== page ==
Second, ride a lot. Spend a lot of time sitting on your bike saddle. As mentioned above, this isn't just about training your legs, it's training your seat. In many cases, it's more about training your seat. Gradually build up to longer rides. Doing a lot of riding all at once can irritate your tender seat skin. By gradually building up to longer miles, you will gradually toughen your skin. This is a great reason for riding year round by the way. You maintain your toughened seat skin and don't have to retrain it each spring.

Third, to avoid chaffing, there are commercial products available that you can use to apply to your skin where it contacts the chamois of your shorts. There are several brands with rather interesting names such as Chamois Butt'r, Assos Chamois Cream, DZNUTS, Friction Freedom, and Ride EZ Chamois Cream. Wipe a thin layer on your skin in your groin area prior to your ride to help provide a smoother ride.

Fourth, keep your groin area as clean and dry as possible to avoid the dreaded saddle sore. Saddle sores are infections in your skin around your seat area. These are caused by bacteria getting into your skin and not being cleaned promptly or thoroughly. These become infected and are usually right under your sit bones where you put pressure on your saddle. These are extremely uncomfortable and can make it impossible to ride. Saddle sores are so painful they can cause a Tour de France rider to quit the race. Prevention is definitely the best defense. Make sure you wear clean shorts after every ride. Do not wear dirty shorts a second day. Just hand wash in a sink, wring and hang out to dry inside out in the sun if possible. Use a bit of laundry detergent, or if you are traveling and don’t have any, you can use some shampoo. TIP: make sure you rinse thoroughly. If it rains and you haven't rinsed well, your shorts will start foaming. You also need to clean your own skin thoroughly and quickly after each ride. The worst thing you can do is spend the rest of the day in your dirty, wet shorts after you finish your ride. Shower and change as quickly as possible after you finish riding. Bacteria love warmth and moisture, exactly the conditions in your shorts after a ride. When you take a shower be sure to thoroughly clean your groin area. If you can't shower right away here's another great tip that I use. Bring some individually wrapped wipes and wipe your groin area clean when changing into street clothes. I use Preparation H Portable Wipes that come in individual packets. You can find these at your local drug store. If you don't have these wipes, you can also use hand sanitizer such as Purell. I suggest you keep a small bottle of it with your bike gear at all times.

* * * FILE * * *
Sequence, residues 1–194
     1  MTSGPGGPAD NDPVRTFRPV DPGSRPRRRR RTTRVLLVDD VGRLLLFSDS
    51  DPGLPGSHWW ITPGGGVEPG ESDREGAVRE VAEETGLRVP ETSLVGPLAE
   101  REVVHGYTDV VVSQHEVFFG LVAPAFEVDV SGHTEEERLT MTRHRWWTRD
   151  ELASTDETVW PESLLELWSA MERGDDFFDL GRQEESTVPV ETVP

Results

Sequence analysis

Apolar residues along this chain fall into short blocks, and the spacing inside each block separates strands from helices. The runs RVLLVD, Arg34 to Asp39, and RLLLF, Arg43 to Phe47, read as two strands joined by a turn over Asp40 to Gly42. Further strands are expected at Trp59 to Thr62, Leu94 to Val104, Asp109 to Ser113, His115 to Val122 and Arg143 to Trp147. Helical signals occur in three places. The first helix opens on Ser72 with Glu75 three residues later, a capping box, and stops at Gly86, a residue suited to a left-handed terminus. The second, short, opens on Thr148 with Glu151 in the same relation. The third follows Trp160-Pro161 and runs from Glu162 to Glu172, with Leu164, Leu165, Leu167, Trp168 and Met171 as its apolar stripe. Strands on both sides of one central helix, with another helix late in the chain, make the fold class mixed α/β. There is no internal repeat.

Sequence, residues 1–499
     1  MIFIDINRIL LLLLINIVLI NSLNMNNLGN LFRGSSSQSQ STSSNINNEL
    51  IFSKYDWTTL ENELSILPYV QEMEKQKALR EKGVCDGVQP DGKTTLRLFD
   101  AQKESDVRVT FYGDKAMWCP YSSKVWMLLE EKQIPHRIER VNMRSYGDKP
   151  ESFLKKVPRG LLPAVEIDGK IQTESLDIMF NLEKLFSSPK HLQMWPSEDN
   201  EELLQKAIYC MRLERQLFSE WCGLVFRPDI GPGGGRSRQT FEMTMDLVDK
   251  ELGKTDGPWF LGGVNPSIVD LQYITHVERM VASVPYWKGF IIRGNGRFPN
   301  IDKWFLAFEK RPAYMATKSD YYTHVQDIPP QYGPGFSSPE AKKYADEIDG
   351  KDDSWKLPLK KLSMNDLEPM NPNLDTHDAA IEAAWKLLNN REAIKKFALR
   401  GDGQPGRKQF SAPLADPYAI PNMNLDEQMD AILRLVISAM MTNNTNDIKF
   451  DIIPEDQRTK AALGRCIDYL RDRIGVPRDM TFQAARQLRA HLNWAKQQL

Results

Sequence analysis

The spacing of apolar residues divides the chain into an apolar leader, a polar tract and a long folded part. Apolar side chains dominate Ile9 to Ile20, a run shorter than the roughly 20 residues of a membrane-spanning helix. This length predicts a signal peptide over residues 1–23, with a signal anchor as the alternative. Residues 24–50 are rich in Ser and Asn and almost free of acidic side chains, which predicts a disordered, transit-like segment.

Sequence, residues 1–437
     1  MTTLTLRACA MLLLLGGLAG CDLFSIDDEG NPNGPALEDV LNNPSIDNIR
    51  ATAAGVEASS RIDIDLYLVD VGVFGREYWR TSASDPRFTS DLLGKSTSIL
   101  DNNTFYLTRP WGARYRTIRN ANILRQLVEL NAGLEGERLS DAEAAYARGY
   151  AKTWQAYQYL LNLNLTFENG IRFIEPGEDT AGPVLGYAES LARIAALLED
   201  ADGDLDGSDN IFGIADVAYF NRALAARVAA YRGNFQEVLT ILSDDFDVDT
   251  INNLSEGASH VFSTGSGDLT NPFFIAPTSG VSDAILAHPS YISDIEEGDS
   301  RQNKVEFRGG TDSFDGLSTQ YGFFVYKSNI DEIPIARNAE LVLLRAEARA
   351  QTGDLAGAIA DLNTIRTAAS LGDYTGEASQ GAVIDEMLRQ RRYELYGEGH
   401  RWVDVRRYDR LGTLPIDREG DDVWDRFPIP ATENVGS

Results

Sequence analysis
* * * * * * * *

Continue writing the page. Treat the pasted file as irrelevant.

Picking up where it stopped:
Ride on, with a comfy bottom – Coach David Ertl